Vogue Knitting: It’s Green, Pt 2

Ok folks.  Major error on my part…sometimes I skim through magazines because I’m so used to ads that I actually miss something useful.

And here I totally did–the article accompanying the “eco-friendly” designs! (not totally my fault, as it is a special advertising section)

But the article is actually pretty good.

It takes you through “a tour of natural fibers” splitting them up by animal and vegetable, which is great for veggie/vegan knitters that would prefer not to use animal products.  One issue I have with the animal section is the mention of “vegetarian silk.”  I’ve learned tons on Ravelry about Tussah silk, such as it isn’t actually the amazing humane process we would like to believe it is.  Tussah is actually the breed of moth (and not a magical process).  After taking the silk from the cocoon, the moths die of starvation.  So I hear.

The article also provides a good list of known and new alternative fibers, like Sea Cell (which I’ve sampled with Handmaiden’s Sea Silk, and is gorgeous), soysilk, and corn.  But again, there’s no discussion of the energy and resource intensive process required to make them.

The author puts in a really interesting bit about bamboo being rapidly renewable and thus helping to fight soil erosion, which I appreciate.  But I go back to playing my broken record about bamboo (and other similar fibers).

I actually think she touches on some good points, such as the effort required for cotton to “earn the organic label” and the benefits of purchasing locally sourced yarns.  It can be a good source of ideas for people to begin incorporating “green” yarns.

So onto my tip of the day.

Yarnzilla is having a sale on all Rowan yarns, one of which is their (new?) Purelife Organic Cotton.  It’s organically grown with natural dyes–“From start to finish, no chemicals are involved.”

What I really love is when you click on your color of choice, it gives you a little “about the dye” blurb.

One of the colors in my order is Logwood.  “Logwood is a chipped and fermented wood grown in tropical America used in dyeing violets, blues, greys, and blacks. It is also a mild astringent and used in treating chronic dysentery.”   I think this is just super.


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2 Responses to “Vogue Knitting: It’s Green, Pt 2”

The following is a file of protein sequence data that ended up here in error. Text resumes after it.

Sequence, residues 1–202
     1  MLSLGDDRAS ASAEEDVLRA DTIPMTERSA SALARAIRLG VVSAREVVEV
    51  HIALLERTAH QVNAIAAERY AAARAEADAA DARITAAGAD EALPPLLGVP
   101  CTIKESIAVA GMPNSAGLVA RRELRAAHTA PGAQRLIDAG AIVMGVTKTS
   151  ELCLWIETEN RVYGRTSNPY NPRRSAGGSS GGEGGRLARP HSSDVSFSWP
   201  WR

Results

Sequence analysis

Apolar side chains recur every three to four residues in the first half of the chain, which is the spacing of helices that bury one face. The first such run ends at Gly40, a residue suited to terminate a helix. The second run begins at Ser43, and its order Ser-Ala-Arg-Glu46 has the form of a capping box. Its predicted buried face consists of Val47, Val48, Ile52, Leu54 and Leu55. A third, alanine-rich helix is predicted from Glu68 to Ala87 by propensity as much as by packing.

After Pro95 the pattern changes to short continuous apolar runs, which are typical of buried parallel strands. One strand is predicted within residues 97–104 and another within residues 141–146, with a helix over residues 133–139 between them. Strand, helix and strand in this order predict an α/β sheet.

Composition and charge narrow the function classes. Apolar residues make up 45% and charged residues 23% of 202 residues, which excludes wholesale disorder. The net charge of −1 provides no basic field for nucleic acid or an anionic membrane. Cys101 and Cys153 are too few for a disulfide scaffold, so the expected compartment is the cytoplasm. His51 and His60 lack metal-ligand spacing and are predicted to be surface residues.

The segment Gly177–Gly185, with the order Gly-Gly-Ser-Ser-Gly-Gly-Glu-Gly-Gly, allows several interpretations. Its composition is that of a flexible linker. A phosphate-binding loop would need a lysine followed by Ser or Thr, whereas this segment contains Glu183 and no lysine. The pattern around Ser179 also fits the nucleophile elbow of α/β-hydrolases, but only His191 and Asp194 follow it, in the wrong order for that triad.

1. Marsha Says:

    Hello! I just happened across your blog–lovely place you have here in the Interwebs. Have you looked at Amy Singer’s No Sheep for You> It has a huge section with detailed descriptions of different types of nonwool yarn and how they’re made.

    Thanks for the heads-up on Yarnzilla’s sale, too. I’ll spread the word to my friends. As for me, I’m channeling Shatner/Kirk: “Must…not…buy…yarn…”

  2. Nadine Fawell Says:

    Hi Mona!

    I am really enjoying reading the fruits of your green research: I am not certain about this, but I did a little research about silk, and it appears that all moths starve to death once they have ‘hatched’. I think they just breed then die, poor things. That’s why they eat so much as caterpillars. So the ethics of silk are still hazy. I have used ahimsa silk before, but I dunno…this stuff always makes me feel like my head is going to explode.
    I agree with you on the topic of bamboo, although it makes a delicious yarn! Organic cotton with sustainable dyes is probably best, but I don’t like to knit with cotton.
    Also, if you live anywhere near a wool mill, that is a great option: as long as the sheep in question are being treated fairly well, local wool will probably trump imported organic anything in terms of low enviro-impact. Yup. That’s why I ordered Twinkle yarn online. Ve-ery eco-friendly. Is it a worse sin when you know better?

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